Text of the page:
Friday, July 29, 2016

Menzel the Sketcher


Adolph Menzel’s drawing supplies accompanied him everywhere, whether on a short walk or a long journey. He was always prepared to draw. One of his overcoats had eight pockets, each filled with sketchbooks of different sizes. 

On the lower left side of his coat was an especially large pocket which held a leather case with a big sketchbook, some pencils, a couple of shading stumps, and a gum eraser. 

Bärtiger Mann herabblickend [Bearded man, looking down]. 1887.
Carpenter’s pencil on paper. 20.8 x 12.8 cm. [8.2 x 5 in.] GSS 


His personal motto was “Nulla dies sine linea” (”Not a day without aline”). He drew ambidextrously, alternating between the left and the right, sometimes on the same drawing. 

If he was ever caught without drawing paper, he sketched on whatever was available, even a formal invitation to a court ball. Whenever he was spotted at a social event, the whispered word went abroad that “Menzel is lurking about.” 

Zeichender Junge, am Tisch [Boy drawing at a table]. 1837.
Pencil. 16.6 x 10.3 cm. [6.5 x 4.1 in.] KK.
Copyright © bpk/ Kupferstichkabinett/SMB 

He was known to interrupt an important gathering by pulling out his sketchbook, sharpening his pencil, casting an eye around the room, and focusing on a coat, a chair, or a hand. This sometimes brought the proceedings to a halt until he finished. 

He preferred to draw people unawares, often catching them in unflattering moments of eating, gossiping, or dozing. Once his friend Carl Johann Arnold awoke from a nap to find the artist busily drawing his portrait. “You just woke up five minutes too early,” Menzel told him.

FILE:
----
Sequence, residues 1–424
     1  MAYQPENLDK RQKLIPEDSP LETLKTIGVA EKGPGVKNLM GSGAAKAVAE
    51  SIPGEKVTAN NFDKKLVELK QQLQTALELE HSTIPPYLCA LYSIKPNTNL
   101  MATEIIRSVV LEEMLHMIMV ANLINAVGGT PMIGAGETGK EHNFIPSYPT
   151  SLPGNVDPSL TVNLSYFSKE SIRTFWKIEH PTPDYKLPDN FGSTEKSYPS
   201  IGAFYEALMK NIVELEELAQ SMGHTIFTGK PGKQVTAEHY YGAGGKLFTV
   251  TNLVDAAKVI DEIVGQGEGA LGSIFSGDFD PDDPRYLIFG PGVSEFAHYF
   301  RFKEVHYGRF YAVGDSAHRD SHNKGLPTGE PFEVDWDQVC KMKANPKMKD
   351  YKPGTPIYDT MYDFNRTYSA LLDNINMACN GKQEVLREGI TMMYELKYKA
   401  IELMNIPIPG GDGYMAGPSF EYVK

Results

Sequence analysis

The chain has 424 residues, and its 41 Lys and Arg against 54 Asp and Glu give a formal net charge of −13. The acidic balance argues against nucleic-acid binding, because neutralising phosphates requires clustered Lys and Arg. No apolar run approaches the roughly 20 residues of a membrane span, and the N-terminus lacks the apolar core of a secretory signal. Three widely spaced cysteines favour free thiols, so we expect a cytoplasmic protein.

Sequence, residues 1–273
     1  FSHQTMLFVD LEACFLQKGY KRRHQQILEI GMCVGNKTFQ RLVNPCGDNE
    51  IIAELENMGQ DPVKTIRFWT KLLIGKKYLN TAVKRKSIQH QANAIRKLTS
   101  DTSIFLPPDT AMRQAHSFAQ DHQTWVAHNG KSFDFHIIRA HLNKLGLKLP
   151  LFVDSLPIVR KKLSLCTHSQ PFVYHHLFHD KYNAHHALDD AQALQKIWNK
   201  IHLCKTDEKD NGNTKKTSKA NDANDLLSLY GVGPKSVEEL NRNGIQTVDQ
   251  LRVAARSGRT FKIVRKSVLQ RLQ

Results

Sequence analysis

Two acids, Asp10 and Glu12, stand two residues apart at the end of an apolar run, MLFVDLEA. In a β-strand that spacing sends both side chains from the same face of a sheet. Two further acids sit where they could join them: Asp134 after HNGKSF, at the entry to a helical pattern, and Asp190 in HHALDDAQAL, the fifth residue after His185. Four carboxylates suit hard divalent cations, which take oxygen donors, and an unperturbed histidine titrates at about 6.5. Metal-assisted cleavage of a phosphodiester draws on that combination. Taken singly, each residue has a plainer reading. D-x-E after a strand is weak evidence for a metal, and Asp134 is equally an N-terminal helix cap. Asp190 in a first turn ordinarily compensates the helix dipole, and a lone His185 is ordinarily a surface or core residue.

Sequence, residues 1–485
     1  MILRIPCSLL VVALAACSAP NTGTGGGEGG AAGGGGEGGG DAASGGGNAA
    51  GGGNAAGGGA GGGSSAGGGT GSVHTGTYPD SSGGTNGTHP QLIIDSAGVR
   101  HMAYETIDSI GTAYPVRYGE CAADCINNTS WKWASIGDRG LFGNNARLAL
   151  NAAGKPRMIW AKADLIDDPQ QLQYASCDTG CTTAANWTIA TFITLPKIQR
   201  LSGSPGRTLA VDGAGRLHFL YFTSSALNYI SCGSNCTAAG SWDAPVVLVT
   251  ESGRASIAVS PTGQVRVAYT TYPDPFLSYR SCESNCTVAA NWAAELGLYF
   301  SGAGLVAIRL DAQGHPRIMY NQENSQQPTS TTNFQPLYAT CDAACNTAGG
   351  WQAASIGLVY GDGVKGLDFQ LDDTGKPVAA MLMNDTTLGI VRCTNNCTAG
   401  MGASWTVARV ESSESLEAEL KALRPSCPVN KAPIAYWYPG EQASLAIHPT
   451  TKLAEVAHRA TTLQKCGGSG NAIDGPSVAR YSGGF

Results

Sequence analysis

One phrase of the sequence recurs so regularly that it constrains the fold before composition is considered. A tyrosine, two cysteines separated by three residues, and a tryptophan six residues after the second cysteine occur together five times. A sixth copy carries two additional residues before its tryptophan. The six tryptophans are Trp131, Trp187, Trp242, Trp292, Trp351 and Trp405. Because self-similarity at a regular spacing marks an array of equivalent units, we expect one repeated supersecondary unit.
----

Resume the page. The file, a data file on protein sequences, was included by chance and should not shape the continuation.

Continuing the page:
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This is an excerpt from the Introduction of my new book on Dover. It contains 130 images, including 32 pages of color. Note: the listing on Amazon shows the incorrect cover.

Here's the link if you'd like to order a signed copy from my website store (I can ship to addresses in the USA only because of the high shipping rates overseas, sorry). If it's a gift book and you want me to sign it to someone it particular, just make a note on the order form.

Adolph Menzel: Drawings and Paintings from JamesGurney.com

Thursday, July 28, 2016

Menzel Book Now Available

I'm pleased to announce that my new book on Adolph Menzel is now available, and you can get a signed copy today.

This art book collects the best of his drawings, watercolors, pastels, and gouaches, many of which have never been published before.

Adolph Menzel (1815-1905) exhibited tremendous powers of observation and an interest in a wide range of subjects.


Bildnis Friederike Arnold [Portrait of Friederike Arnold]. 1847.
Pastel, highlighted with Chinese white on brown paper. 45.2 x 24.5 cm. [17.8 x 13.6 in.] GSS
Menzel drew and painted everything—people, animals, architecture, and landscapes. His drawings and watercolors were revered by contemporary realists for their truth to nature and technical accomplishment.

He was also a master of historical illustration, and this collection includes some of the best examples of his imaginative realism.
Halberstadt, Dom: Blick auf das Chorgestühl. [Halberstadt, Cathedral: view of the choir stalls].
1850/1864. Pencil and watercolor. 20.3 x 11.5 cm [8 x 4.5 in.] KK.
Copyright © bpk/ Kupferstichkabinett/SMB
The book has been over four years in the making. It took a long time to get the rights cleared.

I selected the drawings and paintings in this volume from vast archives of his work (he was extremely prolific), and I also wrote the introduction. I was lucky to have the help of my Berlin friend Christian Schlierkamp, who, along with Christoph Heuer, interviewed top Menzel scholars, translated journals and letters, and went to the museums there to locate unusual works that hadn't been published before.

The book also includes two short essays by leading Menzel scholars Claudia Czok and Claude Keisch, who describes Menzel's studio in detail.